Social life remains a need for everyone who has dementia even until the final palliative moments at end of life. They may have profound impairment but we can stop it becoming profound disability if we stimulate social life with them.
We are social beings. We need and crave contact with others. Our entire make up is geared to interaction. We have language to express our inner experience to others. We crave to be understood by another who recognises us. We know this by paying attention to the relief that floods us when someone really understands us, gets us.
Social life is talking, holding, touching, listening, looking at each other, stroking, kissing, massaging, turning your head to look. All these small actions are what we might call micro-behaviours and if we pay attention to them in the person in our care we can see the small indicators of a desire to make social contact, to connect, bond with us.
The person with dementia lying in a chair without verbal language, unable to walk, toilet themselves, dress themselves, or eat independently, may crave social connection just as much as you and I do. Let’s look for the small micro-signs that tell us they are wanting to be connected.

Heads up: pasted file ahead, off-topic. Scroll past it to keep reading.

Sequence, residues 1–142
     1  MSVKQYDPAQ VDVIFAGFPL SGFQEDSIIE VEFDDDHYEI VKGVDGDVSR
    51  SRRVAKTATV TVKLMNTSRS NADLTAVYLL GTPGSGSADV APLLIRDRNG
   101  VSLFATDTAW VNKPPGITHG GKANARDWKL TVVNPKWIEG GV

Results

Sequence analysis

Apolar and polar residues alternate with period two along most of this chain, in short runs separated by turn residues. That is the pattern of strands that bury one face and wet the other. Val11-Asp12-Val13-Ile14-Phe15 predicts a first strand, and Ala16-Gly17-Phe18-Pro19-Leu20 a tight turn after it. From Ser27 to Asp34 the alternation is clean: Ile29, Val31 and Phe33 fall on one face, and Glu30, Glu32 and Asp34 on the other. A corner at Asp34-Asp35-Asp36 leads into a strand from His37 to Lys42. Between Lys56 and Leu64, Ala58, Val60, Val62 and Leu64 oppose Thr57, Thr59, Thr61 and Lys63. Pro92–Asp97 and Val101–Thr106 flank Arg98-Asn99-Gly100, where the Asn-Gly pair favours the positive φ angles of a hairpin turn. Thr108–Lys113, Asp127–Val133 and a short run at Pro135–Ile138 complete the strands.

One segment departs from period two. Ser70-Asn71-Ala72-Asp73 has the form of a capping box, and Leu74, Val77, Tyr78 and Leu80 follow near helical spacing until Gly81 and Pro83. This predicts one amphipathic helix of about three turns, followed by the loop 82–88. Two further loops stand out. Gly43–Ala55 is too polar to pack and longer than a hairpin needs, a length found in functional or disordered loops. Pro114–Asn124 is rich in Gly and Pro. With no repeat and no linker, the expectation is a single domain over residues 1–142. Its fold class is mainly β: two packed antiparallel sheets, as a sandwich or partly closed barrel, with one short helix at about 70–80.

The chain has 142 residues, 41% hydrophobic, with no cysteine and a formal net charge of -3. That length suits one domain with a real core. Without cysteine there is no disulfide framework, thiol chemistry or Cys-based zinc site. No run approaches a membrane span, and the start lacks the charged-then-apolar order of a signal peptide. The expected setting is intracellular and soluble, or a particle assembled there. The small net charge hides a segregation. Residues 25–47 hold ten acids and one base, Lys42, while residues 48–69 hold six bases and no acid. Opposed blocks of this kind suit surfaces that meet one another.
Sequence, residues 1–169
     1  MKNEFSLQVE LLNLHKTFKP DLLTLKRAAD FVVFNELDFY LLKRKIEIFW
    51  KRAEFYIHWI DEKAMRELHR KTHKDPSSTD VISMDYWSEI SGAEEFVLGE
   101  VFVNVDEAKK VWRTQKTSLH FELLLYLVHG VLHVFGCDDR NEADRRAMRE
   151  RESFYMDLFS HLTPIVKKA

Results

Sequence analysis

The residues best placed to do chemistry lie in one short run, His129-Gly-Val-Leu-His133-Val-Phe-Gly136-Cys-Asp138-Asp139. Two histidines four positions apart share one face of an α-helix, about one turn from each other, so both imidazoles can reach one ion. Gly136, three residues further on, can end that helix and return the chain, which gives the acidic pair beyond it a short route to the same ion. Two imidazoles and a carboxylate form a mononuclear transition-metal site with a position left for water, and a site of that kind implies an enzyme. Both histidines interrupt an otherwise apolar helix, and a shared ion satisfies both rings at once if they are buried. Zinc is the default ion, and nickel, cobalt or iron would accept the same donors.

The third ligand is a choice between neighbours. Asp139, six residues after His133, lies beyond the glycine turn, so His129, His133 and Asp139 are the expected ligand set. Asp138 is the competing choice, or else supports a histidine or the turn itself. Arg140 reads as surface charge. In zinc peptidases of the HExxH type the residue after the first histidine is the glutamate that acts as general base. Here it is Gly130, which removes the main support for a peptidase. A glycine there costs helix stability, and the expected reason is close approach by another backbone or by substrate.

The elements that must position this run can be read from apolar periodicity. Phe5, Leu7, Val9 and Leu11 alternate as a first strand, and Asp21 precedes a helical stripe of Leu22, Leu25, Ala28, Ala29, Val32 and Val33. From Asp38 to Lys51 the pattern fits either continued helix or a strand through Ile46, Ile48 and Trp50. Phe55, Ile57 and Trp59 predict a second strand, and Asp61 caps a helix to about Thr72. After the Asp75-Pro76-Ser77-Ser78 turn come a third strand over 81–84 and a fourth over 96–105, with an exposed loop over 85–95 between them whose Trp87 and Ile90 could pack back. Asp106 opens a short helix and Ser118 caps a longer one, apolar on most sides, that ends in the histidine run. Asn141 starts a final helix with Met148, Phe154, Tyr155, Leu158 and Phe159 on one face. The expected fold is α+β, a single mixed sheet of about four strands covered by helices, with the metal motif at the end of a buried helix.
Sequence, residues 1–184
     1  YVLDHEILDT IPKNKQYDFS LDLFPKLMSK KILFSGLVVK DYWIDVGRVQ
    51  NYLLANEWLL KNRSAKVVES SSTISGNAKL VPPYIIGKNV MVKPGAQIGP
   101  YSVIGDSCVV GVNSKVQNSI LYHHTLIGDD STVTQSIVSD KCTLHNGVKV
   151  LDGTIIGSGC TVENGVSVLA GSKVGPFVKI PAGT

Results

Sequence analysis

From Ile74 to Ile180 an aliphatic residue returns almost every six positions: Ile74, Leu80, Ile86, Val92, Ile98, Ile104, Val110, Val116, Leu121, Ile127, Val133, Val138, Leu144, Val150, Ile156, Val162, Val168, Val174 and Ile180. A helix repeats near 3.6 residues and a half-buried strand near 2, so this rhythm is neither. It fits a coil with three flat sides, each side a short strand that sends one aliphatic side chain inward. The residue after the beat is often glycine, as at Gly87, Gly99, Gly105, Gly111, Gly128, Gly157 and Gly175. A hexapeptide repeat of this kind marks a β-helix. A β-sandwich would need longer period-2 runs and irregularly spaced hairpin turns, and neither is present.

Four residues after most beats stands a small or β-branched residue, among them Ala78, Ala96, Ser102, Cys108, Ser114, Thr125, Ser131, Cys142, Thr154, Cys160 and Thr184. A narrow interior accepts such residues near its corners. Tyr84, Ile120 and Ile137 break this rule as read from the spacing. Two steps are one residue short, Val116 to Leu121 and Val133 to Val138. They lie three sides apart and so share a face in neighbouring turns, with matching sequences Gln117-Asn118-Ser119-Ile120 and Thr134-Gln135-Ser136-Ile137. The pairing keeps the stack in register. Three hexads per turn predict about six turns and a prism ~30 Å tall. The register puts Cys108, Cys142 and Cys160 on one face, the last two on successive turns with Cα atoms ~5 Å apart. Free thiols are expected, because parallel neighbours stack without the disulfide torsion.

Perhaps they are unable to show us even small signs. However, when you make the contact watch for their response. This response can be a micro smile, eye-contact, head-turn, flinch or flicker of movement. This is social response to our approach and contact. Engage and sustain your contact and you will notice small signs of change, lower stress, less agitated movement, less calling out, less moaning and groaning. Perhaps you may even notice signs of engagement now, sustained looking where there were closed eyes.
We can meet and engage successfully with the person with such profound impairment. We can stop it becoming profound disability if we make the connection with them and stimulate social life with them.